note: entire contents copyright 2001 by Beverly Creasey
"Translations" is without a doubt Brian Friel's master work. While masquerading it as a pastoral drama, Friel packs a ;political punch into the play as powerful as dynamite. Instead of railing and ranting about the British occupation of Ireland, Friel quietly illustrates tyranny in a luminous play about spirit and language.
The translations of the title are the names British engineers and map makers contrive to take the place of their original Irish names ... new place names which make the Irish strangers in their own country ... "prisoners" of a language they don't speak. Towns, squares, mountains, valleys, and people --- all are renamed. As one of the British engineers comes to realize, it serves as a diabolical "eviction of sorts".
The Vokes production shines from start to finish: from Stephen McGonagle's sod and stone schoolroom (with upstairs living quarters) to Daniel Clawson's fine soft lighting (and gorgeous blue sky!) to the vivid, charismatic performances.
Director John Barrett's cast is a pleasure to watch. Grant Evans Wood is a perfect as the brooding, sensitive school teacher who lost his mobility --- and will lose it again, in another sense --- because of his father. Robert Zawistowski gives a larger-than-life performance as this dreamer/pater familias. James Barton is dangerously charming as his other son, the one who sells out to the English --- and later regrets it.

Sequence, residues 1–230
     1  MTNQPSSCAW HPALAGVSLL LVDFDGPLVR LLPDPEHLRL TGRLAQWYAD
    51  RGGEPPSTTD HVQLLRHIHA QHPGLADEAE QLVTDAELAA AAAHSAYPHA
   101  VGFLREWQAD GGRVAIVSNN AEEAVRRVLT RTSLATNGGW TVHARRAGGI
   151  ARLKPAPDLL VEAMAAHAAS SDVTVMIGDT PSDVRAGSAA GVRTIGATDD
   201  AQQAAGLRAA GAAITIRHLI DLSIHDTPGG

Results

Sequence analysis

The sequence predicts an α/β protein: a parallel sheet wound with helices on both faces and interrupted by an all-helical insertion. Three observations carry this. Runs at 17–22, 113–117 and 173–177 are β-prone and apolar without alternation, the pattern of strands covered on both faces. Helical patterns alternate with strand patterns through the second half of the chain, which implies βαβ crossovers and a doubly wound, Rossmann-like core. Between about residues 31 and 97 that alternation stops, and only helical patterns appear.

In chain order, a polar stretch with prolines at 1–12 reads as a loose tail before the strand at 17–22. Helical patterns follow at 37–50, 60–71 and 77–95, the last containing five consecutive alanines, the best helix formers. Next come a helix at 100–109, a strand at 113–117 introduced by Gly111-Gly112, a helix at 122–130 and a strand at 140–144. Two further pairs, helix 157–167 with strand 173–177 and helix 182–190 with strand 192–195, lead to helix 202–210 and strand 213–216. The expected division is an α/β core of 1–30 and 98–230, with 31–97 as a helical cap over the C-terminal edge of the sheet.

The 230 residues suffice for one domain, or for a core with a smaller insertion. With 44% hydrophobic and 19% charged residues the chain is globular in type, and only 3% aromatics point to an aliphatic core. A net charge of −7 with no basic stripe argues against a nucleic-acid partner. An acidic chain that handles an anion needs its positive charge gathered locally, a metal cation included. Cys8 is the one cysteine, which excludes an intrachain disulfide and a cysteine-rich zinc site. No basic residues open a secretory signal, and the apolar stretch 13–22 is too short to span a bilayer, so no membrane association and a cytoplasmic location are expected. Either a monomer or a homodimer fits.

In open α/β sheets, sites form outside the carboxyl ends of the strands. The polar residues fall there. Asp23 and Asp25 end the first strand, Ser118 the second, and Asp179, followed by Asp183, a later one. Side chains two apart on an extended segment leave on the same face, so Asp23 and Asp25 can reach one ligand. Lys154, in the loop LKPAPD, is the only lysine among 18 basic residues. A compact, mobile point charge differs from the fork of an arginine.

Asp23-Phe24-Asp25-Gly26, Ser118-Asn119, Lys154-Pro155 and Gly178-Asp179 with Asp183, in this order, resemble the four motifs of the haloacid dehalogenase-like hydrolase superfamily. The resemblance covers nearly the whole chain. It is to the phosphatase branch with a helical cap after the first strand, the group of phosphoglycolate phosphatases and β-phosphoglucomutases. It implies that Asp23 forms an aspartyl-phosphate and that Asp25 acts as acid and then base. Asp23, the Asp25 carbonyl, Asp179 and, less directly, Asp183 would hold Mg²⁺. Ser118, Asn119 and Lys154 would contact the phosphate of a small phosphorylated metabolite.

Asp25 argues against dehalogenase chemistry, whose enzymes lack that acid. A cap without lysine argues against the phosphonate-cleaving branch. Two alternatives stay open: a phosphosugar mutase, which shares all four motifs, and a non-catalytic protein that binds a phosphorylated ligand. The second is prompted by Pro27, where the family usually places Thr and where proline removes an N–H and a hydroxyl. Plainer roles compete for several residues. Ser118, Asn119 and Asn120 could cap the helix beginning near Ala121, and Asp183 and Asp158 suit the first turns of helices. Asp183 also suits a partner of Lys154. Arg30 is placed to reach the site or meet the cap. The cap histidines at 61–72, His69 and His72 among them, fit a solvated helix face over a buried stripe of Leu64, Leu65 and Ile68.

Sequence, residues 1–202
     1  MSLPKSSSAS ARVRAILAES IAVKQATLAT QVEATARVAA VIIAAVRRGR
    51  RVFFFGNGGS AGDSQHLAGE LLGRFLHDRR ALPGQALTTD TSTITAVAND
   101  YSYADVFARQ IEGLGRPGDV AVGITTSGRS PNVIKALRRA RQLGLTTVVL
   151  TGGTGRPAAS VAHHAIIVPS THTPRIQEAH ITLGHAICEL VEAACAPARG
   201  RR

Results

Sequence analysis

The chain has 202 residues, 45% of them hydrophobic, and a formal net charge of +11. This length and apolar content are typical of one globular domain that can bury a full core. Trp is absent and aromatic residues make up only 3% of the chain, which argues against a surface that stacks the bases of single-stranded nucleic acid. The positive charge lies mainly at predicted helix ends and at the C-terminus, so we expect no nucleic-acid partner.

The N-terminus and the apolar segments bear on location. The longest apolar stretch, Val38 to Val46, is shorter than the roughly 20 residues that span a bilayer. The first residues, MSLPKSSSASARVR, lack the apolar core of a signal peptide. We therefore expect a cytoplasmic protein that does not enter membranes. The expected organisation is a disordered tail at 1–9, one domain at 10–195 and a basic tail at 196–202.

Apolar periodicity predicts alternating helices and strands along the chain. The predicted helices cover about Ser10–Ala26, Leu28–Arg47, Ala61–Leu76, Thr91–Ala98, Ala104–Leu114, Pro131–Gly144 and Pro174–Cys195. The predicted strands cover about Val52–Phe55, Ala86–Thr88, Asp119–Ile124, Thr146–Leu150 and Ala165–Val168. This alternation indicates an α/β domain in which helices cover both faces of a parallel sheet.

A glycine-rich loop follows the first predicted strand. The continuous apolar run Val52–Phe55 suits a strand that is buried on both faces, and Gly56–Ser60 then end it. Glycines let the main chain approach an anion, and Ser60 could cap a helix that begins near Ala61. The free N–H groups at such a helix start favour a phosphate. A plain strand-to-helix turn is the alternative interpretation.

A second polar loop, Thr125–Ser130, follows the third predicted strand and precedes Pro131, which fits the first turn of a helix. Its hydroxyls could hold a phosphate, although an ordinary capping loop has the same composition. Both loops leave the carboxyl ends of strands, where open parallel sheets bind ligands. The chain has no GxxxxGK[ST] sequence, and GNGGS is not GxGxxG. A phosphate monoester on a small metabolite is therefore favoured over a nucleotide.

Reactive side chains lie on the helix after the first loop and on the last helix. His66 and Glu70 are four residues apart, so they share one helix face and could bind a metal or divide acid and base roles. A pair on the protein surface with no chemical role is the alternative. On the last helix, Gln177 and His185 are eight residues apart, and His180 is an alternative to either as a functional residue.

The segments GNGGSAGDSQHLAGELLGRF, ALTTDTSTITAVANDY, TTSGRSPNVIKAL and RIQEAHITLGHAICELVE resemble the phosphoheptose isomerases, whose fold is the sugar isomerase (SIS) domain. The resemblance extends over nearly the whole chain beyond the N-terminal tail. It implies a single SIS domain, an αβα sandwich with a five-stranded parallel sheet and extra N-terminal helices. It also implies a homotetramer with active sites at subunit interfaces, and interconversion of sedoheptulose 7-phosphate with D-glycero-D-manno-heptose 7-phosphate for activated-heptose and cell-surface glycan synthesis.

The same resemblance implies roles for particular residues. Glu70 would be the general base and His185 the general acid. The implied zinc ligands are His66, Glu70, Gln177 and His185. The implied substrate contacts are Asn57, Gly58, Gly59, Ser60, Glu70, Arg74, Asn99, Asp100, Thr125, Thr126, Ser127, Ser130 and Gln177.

Ed Yopchick is hilarious as a somewhat long-in-the-tooth "infant prodigy"/ Melissa Sine is lovely and spunky as the beautiful redhead loved by both the young schoolmaster and a handsome British lieutenant --- Bob Williams in a dashing and wistful performance.
David frank inspires chills as the "ramrod" straight, cold-blooded English Captain. Brian McNamara makes the happy-go-lucky Doalty a character of substance and mystery, and Kate Mahoney, too fleshes out a minor role and gives a lithe performance --- but it is Francine Davis who breaks your heart (without saying a word!).
You won't see better ensemble work anywhere. The Vokes crew makes their "Translations" transcendent. Don't miss it.